It’s the holidays once more! The Christmas tradition here at Eternal Warrior is to play a red and green deck to commemorate the season. Sadly, times have not been great for red and green in Magic. If you’re a regular reader of my column, you’ll know that I am a crazy masochist with no qualms about throwing my tickets away on nonsense decks that would be horribly outmatched at an FNM in Muncie, Indiana. But even I won’t play red-green in Vintage. I suppose I could muddle through the queues with some Legacy Burn deck splashing a color, but I doubt you want to see me lose to combo decks all night.
That leaves Modern, the last refuge for red-green aggro players who still enjoy the occasional victory. Or, as it turns out, for aggro players who enjoy utter domination of their opponents — this is a darn good deck, folks.
The list I will be piloting tonight was played by Justin Moss to a 2nd-place finish at Starcity Games’ New Jersey Open in the Modern $5K event. I made a couple adjustments to the sideboard, in light of Justin’s loss in the finals to a combo deck, and digitally sleeved up the following list:
RG Aggro by Justin Moss
Check out the deck tech video below where I discuss the deck and its card choices.
Next, I have matchplay footage against some solid tier 1 and 2 decks in Modern which you are likely to encounter in the queues: Eggs, Grixis Delver, and UR Storm.
Okay, so if you’re an astute observer you might have noticed that I accidentally played with a 14-card sideboard. Whatever, dude. Quit nitpicking and take your superior counting skills back to Sesame Street. Instead of the last Spirit of the Labyrinth, my 15th card was the freakin’ Spirit of Christmas, helping me smash my opponent’s faces with holiday cheer and fire, but mostly fire.
2015 has been a great year for me in Magic. I played my first paper Vintage event in almost 20 years. I made some memorable trips and discovered several new ways to make fun of Indianapolis. I’ve met people online who really enjoy my content, and it’s a thrill to know that you added something of value to another person’s life, even if it is something as relatively minor as a card game. I continue to meet great people and new friends with every passing year that I’m involved in this community, and I’m truly thankful for that. It’s also been a year where I thought a lot about what role this game was playing in my life.
Do you ever wonder why those old 1950′s Christmas songs keep getting played every year? How they’ve survived through each generation, becoming the soundtrack of Christmas for Baby Boomers, Gen-X’ers, Gen-Y’ers, and now Millennials?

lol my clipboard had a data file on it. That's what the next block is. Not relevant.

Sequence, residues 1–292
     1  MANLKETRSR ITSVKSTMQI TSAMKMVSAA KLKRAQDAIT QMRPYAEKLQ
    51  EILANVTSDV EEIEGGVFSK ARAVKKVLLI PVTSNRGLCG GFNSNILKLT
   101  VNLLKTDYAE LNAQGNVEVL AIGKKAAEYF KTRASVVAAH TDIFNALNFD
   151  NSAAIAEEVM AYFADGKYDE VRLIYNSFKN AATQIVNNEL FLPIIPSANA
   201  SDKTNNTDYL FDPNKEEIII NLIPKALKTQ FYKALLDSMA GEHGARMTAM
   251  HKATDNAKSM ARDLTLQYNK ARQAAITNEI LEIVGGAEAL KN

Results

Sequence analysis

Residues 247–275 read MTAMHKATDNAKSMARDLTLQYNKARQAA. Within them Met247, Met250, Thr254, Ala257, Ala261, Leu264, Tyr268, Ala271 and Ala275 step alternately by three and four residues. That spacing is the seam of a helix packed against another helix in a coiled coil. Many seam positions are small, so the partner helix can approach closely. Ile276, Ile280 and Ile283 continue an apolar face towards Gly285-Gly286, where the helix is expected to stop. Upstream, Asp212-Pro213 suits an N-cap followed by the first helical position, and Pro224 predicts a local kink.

I’ve talked a lot in this column about the role that nostalgia and tradition play for me as a Magic player, and how it dictates the way I choose to experience the game as an eternal format player. Do we play Vintage because the format is better than the others, or because we like looking down at Moxen in our hands for reasons that have nothing to do with game mechanics? Why do I love endlessly paging through people’s Old School decks? Was the game and the art so much better in the 90′s, or do I just wish that I was back in the 90′s myself — am I trying to teleport back to another time in my life by collecting pieces of cardboard?
The holidays are very much about tradition, and as I’ve gotten older I’ve begun to understand how great a role nostalgia plays in the way we experience this time of year. Or perhaps more accurately, the role we force those memories to play.
As you get older, it becomes harder to recapture the magic of the holidays you remember when you were growing up. You can try to surround yourself with memories of those years, but it can’t make you into the person who lived those memories first-hand. You can try, of course. You play the same songs, put up the same decorations, and watch the same movies. But you’ll never truly feel the same.
The little kid who ran around the house for hours with his new Luke Skywalker Return of the Jedi speeder bike, the teenager back from college who spent Christmas Eve at the Waffle House drinking coffee with his high school pals sharing stories about wild college parties, the 24-year-old who split a twelve-pack with dad on Christmas night watching the James Bond marathon — you’re not those people anymore. Those people looked at life from an angle you can’t. You can’t make yourself be that person, and you can’t make yourself feel the way about life that he or she felt. You can build an elaborate set to recreate the scene, but you’ll still just be acting in your own play, not living it.
And maybe that’s a good thing. You don’t want the same Christmas you had ten years ago repeated endlessly, no more than you really want the same Magic experience you had in 1994. You’re only remembering the best parts. That awesome toy broke two days later when your brother sat on it. Your 1994 Magic deck had 18 lands and 80 cards, at least three of which were Wanderlust, but you only remember the games where you had a Turn 2 Juggernaut and crushed it.
So don’t take the holidays as a mandate to live in the past. Take the time to make your own traditions. Shake them up once and awhile with new faces and new places. Be a part of somebody else’s tradition, and help make a great memory for them.
With that, I wish you all a merry Christmas and happy holidays, and I’ll see you back here in 2016 to kick off an exciting new year in eternal Magic!